An 11-month old boy presented with frequent episodes of fever and cough over the past 6 months. Investigations revealed a large space-occupying lesion in the upper lobe of the left lung, the remaining lung fields being clear. There was no history of contact with tuberculosis and the tuberculin test was negative. A CT scan of the chest suggested the presence of a pulmonary sequestration in the upper lobe of the left lung. Surgical excision of the affected lobe was performed and histopathological examination of the excised lobe revealed extensive tuberculosis with caseous necrosis. The presentation of progressive primary tuberculosis in infants is discussed along with the diagnostic difficulties in cases with an atypical presentation.
  10,391 255 2
ORIGINAL ARTICLE
Role of ultrasonography in the evaluation of children with acute abdomen in the emergency set-up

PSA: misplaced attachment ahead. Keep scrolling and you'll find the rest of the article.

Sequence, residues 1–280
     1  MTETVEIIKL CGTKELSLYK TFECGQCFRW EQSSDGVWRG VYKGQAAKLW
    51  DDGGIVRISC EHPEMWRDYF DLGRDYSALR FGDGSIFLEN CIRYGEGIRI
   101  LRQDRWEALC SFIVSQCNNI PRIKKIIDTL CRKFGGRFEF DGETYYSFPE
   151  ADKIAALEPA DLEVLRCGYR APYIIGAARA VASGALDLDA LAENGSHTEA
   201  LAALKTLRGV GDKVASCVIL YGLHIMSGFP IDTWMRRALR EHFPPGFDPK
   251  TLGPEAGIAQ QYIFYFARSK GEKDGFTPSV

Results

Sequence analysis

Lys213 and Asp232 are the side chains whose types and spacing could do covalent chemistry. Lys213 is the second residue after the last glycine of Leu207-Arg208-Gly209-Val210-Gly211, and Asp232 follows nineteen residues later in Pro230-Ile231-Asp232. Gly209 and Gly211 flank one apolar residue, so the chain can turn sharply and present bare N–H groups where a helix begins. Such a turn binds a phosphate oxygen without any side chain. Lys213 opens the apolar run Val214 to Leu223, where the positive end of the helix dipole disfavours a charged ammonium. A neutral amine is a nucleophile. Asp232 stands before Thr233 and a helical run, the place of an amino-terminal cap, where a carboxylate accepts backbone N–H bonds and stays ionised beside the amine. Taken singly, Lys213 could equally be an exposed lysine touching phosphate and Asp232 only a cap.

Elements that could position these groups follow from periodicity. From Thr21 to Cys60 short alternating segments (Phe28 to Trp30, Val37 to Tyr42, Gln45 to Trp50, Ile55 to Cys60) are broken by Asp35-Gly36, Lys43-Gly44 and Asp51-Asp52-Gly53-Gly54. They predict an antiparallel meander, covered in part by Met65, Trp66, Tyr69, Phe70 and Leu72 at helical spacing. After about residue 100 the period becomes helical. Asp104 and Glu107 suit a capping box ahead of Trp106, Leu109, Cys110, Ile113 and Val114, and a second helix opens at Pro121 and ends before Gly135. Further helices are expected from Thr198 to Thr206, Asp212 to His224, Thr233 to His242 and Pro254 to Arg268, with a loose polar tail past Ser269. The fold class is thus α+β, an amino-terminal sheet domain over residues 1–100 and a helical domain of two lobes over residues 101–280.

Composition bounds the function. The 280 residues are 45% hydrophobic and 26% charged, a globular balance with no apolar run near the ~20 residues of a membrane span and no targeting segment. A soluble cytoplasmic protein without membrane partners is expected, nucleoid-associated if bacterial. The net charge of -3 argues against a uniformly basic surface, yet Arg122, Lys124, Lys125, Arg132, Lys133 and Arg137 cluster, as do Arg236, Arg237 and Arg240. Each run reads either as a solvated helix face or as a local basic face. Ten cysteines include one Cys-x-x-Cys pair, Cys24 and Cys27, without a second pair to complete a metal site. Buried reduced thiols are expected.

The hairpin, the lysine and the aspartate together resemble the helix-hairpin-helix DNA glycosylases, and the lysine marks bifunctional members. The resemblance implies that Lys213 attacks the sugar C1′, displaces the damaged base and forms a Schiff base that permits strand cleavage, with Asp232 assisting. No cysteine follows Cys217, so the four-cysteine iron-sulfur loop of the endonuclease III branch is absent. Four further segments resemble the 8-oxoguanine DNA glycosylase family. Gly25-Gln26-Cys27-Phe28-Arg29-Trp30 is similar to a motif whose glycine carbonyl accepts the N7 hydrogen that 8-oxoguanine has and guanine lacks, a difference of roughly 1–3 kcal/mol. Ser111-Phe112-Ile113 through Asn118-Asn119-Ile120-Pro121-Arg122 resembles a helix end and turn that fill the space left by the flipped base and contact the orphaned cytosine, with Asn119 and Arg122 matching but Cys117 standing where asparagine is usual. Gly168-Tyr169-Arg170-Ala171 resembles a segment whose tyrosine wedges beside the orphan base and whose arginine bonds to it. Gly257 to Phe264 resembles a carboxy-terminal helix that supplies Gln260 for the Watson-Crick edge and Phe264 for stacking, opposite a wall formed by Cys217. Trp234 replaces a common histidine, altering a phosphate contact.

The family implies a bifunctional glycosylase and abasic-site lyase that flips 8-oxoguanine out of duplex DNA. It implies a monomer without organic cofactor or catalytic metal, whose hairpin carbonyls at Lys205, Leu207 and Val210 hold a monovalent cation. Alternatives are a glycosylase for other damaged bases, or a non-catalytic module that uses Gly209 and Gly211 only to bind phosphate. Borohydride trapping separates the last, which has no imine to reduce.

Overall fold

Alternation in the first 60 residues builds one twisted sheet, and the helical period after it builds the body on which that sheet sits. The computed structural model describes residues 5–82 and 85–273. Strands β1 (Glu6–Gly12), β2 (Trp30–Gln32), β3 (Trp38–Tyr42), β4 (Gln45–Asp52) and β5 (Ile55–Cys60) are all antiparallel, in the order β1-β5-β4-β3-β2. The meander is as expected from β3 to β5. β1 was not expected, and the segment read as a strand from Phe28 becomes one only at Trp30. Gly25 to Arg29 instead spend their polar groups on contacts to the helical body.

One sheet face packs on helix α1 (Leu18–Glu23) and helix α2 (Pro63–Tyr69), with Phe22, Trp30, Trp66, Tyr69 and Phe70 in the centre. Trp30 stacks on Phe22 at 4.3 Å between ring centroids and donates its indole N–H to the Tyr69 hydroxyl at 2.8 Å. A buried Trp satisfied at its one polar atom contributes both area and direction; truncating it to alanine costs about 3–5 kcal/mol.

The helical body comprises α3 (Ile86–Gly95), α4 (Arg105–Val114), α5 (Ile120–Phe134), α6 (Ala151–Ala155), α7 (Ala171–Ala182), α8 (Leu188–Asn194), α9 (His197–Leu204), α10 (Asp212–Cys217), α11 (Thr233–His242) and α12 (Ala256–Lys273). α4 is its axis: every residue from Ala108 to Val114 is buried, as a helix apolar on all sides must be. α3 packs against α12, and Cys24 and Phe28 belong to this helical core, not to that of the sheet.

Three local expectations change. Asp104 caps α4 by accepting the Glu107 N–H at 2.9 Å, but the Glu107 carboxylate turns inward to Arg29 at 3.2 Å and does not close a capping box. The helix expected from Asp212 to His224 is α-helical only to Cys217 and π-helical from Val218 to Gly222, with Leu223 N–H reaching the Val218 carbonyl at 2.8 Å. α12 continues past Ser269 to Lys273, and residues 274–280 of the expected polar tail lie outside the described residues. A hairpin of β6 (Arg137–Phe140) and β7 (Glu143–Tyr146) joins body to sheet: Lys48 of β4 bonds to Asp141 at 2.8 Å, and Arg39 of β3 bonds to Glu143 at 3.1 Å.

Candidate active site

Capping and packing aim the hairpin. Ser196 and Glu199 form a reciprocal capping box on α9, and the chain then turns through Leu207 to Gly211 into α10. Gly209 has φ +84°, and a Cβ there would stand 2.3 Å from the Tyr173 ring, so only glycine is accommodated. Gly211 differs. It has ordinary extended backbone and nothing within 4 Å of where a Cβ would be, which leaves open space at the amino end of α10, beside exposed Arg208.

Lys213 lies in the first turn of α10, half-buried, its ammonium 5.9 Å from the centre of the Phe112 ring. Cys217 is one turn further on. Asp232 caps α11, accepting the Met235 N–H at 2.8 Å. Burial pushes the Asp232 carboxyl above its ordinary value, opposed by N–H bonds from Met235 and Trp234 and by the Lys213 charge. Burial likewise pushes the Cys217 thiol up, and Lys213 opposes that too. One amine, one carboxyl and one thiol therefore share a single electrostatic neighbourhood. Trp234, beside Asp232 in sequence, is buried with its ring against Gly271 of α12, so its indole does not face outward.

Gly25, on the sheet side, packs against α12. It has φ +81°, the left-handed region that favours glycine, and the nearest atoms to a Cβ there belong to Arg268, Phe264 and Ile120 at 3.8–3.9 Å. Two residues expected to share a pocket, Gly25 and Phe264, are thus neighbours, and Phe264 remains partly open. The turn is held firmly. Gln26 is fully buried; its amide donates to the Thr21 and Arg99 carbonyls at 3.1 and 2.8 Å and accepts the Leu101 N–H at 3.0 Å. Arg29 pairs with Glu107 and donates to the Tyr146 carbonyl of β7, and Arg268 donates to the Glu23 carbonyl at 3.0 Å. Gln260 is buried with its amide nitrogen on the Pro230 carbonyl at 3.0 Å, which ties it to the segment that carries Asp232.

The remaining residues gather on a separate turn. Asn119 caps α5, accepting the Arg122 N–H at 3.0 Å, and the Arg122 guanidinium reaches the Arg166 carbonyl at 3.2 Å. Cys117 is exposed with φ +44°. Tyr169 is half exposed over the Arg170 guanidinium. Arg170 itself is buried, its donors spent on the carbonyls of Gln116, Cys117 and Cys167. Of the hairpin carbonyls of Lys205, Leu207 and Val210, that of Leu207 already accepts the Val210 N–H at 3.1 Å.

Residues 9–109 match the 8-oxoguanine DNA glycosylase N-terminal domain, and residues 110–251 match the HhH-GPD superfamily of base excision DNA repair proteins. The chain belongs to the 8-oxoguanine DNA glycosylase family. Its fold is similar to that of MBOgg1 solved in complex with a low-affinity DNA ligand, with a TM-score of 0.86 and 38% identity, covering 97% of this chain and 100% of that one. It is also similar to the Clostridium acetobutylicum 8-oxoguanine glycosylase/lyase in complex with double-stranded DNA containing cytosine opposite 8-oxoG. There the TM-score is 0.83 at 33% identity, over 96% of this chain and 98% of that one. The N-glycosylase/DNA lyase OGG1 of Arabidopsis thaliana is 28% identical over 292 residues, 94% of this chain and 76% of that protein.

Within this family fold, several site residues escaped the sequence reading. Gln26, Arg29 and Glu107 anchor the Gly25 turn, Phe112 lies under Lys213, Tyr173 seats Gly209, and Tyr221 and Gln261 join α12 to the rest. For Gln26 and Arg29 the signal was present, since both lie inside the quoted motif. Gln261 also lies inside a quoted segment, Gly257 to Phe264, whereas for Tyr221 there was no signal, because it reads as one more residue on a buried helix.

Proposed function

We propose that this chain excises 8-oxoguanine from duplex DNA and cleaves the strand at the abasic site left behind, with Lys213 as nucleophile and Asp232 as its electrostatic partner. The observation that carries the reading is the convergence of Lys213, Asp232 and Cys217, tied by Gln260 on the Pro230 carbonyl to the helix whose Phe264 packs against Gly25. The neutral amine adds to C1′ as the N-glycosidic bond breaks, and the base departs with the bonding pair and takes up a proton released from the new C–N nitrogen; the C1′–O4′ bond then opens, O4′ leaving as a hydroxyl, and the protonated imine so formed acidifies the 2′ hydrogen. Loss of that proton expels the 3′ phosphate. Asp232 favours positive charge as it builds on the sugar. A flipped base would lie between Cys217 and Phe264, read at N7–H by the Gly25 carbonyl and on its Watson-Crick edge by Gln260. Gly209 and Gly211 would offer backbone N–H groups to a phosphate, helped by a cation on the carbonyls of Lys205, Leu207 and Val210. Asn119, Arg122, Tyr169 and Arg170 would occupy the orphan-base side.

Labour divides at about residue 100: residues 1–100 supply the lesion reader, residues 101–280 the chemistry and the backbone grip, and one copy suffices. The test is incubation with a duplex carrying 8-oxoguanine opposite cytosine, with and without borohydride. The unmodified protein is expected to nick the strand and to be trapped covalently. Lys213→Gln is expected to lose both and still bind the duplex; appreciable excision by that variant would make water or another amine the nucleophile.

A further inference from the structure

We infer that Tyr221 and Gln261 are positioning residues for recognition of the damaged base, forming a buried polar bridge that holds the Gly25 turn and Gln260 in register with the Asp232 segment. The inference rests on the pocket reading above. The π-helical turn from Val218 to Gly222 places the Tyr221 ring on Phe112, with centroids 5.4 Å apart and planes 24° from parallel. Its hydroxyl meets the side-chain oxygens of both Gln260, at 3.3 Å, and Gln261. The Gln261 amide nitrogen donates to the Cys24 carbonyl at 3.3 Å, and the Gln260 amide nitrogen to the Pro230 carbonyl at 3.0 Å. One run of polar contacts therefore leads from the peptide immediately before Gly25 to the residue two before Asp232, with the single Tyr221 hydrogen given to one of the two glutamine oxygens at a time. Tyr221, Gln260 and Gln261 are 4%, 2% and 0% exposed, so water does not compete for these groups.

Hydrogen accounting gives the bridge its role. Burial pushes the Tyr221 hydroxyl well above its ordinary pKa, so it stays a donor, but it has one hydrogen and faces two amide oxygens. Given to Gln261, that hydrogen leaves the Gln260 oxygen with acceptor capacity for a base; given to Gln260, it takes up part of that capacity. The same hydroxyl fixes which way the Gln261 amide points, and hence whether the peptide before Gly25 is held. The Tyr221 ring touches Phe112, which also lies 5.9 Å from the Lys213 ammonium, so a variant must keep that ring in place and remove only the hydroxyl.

Aviral , RS Chana, Ibne Ahmad
January-March 2005, 10(1):41-43
DOI:10.4103/0971-9261.16075  
Background: Acute abdomen in children has been aptly described as Pandora's box. Unlike computerized tomography (CT scan), ultrasonography (USG) has no radiation hazard and the present study analyses the diagnostic yield of the USG in acute abdomen in children. Materials and Methods: Between September 2001 to October 2003, 75 patients with acute abdomen underwent clinical examination, routine biochemical tests, erect X-ray abdomen, USG and CT scan. Laparotomy and histological examination established final diagnosis. Results: The accuracy of correct diagnosis was 60%, 66.6%, 64%, 98.7% with clinical examination alone, USG alone, clinical examination combined with conventional radiography, and clinical evaluation combined with conventional radiography and USG respectively. USG helped to prevent unnecessary laparotomy in 16.3% of patients. Conclusions: USG is good investigative modality in the management of acute abdomen in children.